Thus, Defendant's duty to Claimant was not vitiated by the primary assumption of risk doctrine. The State was obliged to maintain the gymnasium floor in a reasonably safe condition since it was wholly foreseeable that inmates would play basketball on a court provided for that purpose.
The Court concludes that the State breached that duty. The Court credits the credible, consistent and unembellished testimony of Claimant and Mr. Brown. The Court determines that Defendant improperly maintained the gymnasium floor. It is satisfied that Claimant stepped into a hole on the court consisting of a missing piece of slat. Further, the Court concludes that a hole of the dimensions described, located on a basketball court, in the context of this Claim, constituted a dangerous condition. Moreover, Defendant does not contest that Claimant had an accident on the basketball court at Arthur Kill on June 7, 2003, and Mr. Braithwaite's uncontroverted proof establishes that the hole was the substantial factor in the events that resulted in his injury.
In order to prove that Defendant is liable to Mr. Braithwaite, however, it is Claimant's burden also to prove that the State had notice that a dangerous condition existed. The record is more than sufficient to establish by a preponderance of the credible evidence that Defendant had such notice. There is no evidence that Defendant created the hole, or that it had actual notice concerning the precise hole in question. There is ample evidence, however, that the State had constructive notice of the existence of the hole. "To constitute constructive notice, a defect must be visible and apparent and it must exist for a sufficient length of time prior to the accident to permit [D]efendant's employees to discover and remedy it" (Gordon v American Museum of Natural History, 67 NY2d 836, supra at 837; see Deveau v CF Galleria at White Plains, LP, 18 AD3d 695 [2d Dept 2005]).
Mr. Carlo's inspection reports noted the poor condition of the gym floor. Among the deficiencies identified in his June 3, 2003 report (only four days before the accident), were "holes and weak spots in gym floor in numerous places" (Tr., p. 55, Ex. 4). In addition, a number of other exhibits were received in evidence (Exs. 5-11) for the limited purpose of establishing that the State had notice about the condition of the gym floor.(2) Each of those documents, which pertain to the inmate grievance program, contain statements about the poor condition of the floor (Ex. 5 [dated March 26, 2001, "gym floor is mess up and that maintenance is aware of the situation of the floor"]; Ex. 6 [dated June 17, 2002, inmate alleges slipped on "a broken piece of wood paneling on the gym floor, while playing basketball"]; Ex. 7 [dated July 8, 2002, inmate grievance review committee recommends the gym floor be repaired]; Ex. 8 [dated July 9, 2002, "[i]nvestigation revealed that upon inspection of gym floor by Fire & Safety Officer and Recreation Supervisor, some areas on the gym floor are in need of repair and should not be played upon"]; Ex. 9 [dated June 26, 2002, indicates request pending to repair a gym floor]; Ex. 10 [dated October 4, 2002, indicates lumber was ordered to repair gym floor]; and Ex. 11 [dated June 3, 2003, inmate asserts a very similar injury "when I had jumped up for the basketball and fell into a 2" x 2" hole on the gymnasium floor. The facility had failed to repair the floor; nor placed warning signs; nor roped off the floor - - by letting prisoners know the floor is damaged and needs to be repaired"]).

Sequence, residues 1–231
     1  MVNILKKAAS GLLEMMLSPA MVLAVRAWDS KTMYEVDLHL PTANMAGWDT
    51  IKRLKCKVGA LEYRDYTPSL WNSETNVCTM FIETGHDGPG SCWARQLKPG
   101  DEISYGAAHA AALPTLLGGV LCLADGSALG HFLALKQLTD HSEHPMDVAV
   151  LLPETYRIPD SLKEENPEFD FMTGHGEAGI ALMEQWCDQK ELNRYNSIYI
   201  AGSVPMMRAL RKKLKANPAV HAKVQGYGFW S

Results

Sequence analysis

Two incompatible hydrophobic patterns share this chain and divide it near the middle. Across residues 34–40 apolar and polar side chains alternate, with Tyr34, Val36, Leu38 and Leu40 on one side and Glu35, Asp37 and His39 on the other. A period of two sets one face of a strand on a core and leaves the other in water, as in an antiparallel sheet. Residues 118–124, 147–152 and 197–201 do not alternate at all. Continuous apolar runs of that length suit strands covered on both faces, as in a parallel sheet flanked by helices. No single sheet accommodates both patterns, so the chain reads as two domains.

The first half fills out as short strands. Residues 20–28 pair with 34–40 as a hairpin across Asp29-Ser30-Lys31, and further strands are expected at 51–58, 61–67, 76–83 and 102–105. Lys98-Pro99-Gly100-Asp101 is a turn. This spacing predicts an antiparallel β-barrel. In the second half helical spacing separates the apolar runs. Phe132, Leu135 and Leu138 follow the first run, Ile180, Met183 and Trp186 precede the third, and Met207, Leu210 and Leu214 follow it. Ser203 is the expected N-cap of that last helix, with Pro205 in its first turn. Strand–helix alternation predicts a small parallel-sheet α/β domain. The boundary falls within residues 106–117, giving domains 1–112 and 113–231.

The Court concludes that Mr. Carlo's reports, as well as the inmate grievance documents (and regardless of the truth of the various contentions asserted in those latter exhibits), provided the State with constructive notice of alleged defects on the gymnasium floor that needed to be inspected, assessed, and, if necessary, remedied. Mr. Carlo's final report and the last inmate complaint are particularly striking in that each was dated June 3, 2003, four days before Claimant's accident, with the inmate complaint alleging a very similar injury. Moreover, the Court finds unavailing Defendant's contention that it should evade liability because it had no notice of the specific hole that caused Mr. Braithwaite's injury. "The law does not apply so unreasonable a requirement of certitude" (Gramm v State of New York, 28 AD2d 787, 788 [3d Dept 1967], affd 21 NY2d 1025 ). Here, the evidence inexorably leads to the conclusion that the State had numerous warnings of the allegedly poor condition of the gymnasium floor and the basketball court, that the condition had been ongoing for a number of months and years even, and that the condition was "self-evident through a simple visual inspection" of the area (Ehlers v County of Otsego, 12 AD3d 814, 814 [3d Dept 2004]).
The Court concludes that the State was negligent, having breached a duty of care it owed Claimant with respect to a defective condition of which it had constructive notice.